When you enter the small business world, you should be aware of a developing trend, pushing newbies toward fast growth. The expectation from learning institutions, government sponsored small business support programs, investors, and many non-profits in the veteran entrepreneur field, is that the next disruptive innovator or stunning technology causing cultural change is waiting to be revealed by a veteran founder.
In short, we have become spoiled into believing that only groundbreaking, fast, trailblazing companies are worthy of recognition. Hooey. Start by defining success for the average small business owner. Is it one who grows and expands his or her operations quickly? A recent report by Emergent Research and Infusionsoft found that “becoming a big business” doesn’t equal success for most small business owners.
“The vast majority of people … believe that most small businesses want to grow and become big businesses,” Steve King, a partner at Emergent Research, wrote in a blog post about the report. “This belief is driven mostly by the vast amount of media coverage high growth small businesses and their owners get.” Publications like Foundr, Fast Growth, and Inc., among others, stoke the fire with feature stories about outlandish successes by unicorn startups…as if anyone can and should join the party.
Based on the responses of 400 small business owners, the Emergent Research and Infusionsoft report revealed that the majority (88 percent) are neither inspired nor driven to build large empires, and don’t want to simply grow for growth’s sake. “Many small business owners tell us they consider themselves an outlier because they aren’t interested in growing into a big business. They often are surprised when we tell them this attitude is common,” wrote King.
Here’s a shocker. According to the report, non-financial goals are just as, if not more, important than financial ones. Survey respondents stated that doing work they enjoy; being their own boss; work flexibility, freedom and control; and having a positive impact on their employees, customers and community make them feel successful.
The common misconception is small business owners define success by financial rewards. This is not the case.
Micro businesses, mom and pop shops, and small operators are the backbone of the American economy. People still need landscaping, a plumber, a great sandwich, a hair color job, and childcare. Some businesses are impervious to rapid growth. They just like it manageable and small.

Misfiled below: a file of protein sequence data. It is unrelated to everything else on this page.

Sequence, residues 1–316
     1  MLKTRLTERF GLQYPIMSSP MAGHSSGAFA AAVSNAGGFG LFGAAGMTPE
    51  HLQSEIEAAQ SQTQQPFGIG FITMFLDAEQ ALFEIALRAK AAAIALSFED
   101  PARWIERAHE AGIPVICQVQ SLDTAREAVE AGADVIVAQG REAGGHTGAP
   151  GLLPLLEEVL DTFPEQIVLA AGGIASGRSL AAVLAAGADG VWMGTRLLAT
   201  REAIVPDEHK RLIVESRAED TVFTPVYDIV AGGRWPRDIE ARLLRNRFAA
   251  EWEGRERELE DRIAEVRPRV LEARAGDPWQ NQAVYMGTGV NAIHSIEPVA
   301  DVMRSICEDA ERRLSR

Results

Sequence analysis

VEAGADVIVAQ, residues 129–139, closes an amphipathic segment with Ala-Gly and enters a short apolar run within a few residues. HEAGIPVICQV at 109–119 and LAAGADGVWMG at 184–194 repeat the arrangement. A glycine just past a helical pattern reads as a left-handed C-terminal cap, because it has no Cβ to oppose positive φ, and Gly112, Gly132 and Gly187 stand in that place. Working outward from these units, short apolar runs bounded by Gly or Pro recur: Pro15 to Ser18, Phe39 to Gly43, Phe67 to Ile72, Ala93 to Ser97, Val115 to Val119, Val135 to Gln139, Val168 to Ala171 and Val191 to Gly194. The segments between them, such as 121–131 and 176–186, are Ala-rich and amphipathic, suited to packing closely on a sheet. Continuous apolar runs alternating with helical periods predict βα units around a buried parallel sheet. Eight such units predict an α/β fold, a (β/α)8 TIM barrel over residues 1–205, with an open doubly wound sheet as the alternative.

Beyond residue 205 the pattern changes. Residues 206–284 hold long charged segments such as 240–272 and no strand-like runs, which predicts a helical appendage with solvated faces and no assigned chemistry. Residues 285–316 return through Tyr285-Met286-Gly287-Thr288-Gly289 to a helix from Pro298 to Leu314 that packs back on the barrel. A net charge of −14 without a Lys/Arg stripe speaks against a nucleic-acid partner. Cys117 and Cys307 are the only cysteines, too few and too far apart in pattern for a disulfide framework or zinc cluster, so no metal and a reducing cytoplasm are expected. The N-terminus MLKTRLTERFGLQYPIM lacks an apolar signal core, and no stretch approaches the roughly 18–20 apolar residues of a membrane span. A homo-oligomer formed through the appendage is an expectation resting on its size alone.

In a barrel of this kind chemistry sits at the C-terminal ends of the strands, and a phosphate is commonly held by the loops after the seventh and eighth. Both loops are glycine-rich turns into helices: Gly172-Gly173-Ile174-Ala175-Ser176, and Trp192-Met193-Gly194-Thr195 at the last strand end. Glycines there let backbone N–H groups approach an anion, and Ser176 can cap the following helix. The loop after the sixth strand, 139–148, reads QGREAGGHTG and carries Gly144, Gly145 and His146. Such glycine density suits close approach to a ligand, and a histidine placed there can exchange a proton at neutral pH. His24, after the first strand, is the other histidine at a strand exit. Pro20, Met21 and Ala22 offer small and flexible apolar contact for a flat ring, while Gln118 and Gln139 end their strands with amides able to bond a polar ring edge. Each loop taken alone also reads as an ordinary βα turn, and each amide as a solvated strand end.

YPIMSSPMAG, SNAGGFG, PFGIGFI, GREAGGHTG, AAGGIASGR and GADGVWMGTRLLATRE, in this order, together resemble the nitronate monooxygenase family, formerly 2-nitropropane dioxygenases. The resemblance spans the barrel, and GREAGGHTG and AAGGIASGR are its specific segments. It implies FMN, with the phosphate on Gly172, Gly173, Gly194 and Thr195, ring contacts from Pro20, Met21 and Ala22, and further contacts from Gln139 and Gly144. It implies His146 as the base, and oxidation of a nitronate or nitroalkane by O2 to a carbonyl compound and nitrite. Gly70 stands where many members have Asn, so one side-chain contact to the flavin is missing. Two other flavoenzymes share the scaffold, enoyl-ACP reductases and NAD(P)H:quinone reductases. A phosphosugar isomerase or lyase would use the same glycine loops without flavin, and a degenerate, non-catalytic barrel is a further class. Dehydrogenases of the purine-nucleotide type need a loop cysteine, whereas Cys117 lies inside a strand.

Entrepreneurs certainly face many challenges, even if they are a one-man-band (or one-woman let us not forget). Emergent Research and Infusionsoft’ s report offered some recommendations for small business owners who want to achieve success on a small scale.
Define success on your own terms. “In most cases, the growth goal is modest and the financial targets are important, but secondary to other objectives,” wrote King. Growth objectives for a small business owner should be created in a way that supports your broader life goals, and only the business owner can define that. So, get real and start by managing your own expectations.
Take challenges one step at a time. Your key business challenges will change as your business moves through different stages of growth. The changes in business challenges may require a change in the way the business is managed, so it’s important to be adaptable. Flexibility often makes the difference between not only success, but survival.
Plan, but not too far out. Don’t get ahead of yourself. Be where you are.
Ask for help. Many entrepreneurs fail because they 1) don’t want to pay for help, or 2) think they know everything. Seek coaching, mentoring, education and training not only for you, but for your employees as well. Watch out for the trap of listening to too many voices, which can cause confusion. Find someone you trust and stick with them.
Don’t be afraid of technology. Technology can help you interact more effectively with employees, customers and prospects, save time and improve efficiency by automating processes, and improve business performance through analytics. But, don’t overdo it with technology either. It’s easy to be enticed by seductive sales pitches on how every new shiny thing is going to make business life a breeze. It won’t. Automation can be a siren’s call, encouraging you to think you the old values of strong customer service, integrity, and personal communication don’t count in this technology driven world.
Vicki Garcia is the Co-Founder of Veteran Entrepreneurs Today & President of Marketing Impressions. Email her at firstname.lastname@example.org, register for free coaching at https://www.surveymonkey.com/r/veteransinbiz . Join us on our Meetup at www.veteransinbiz.com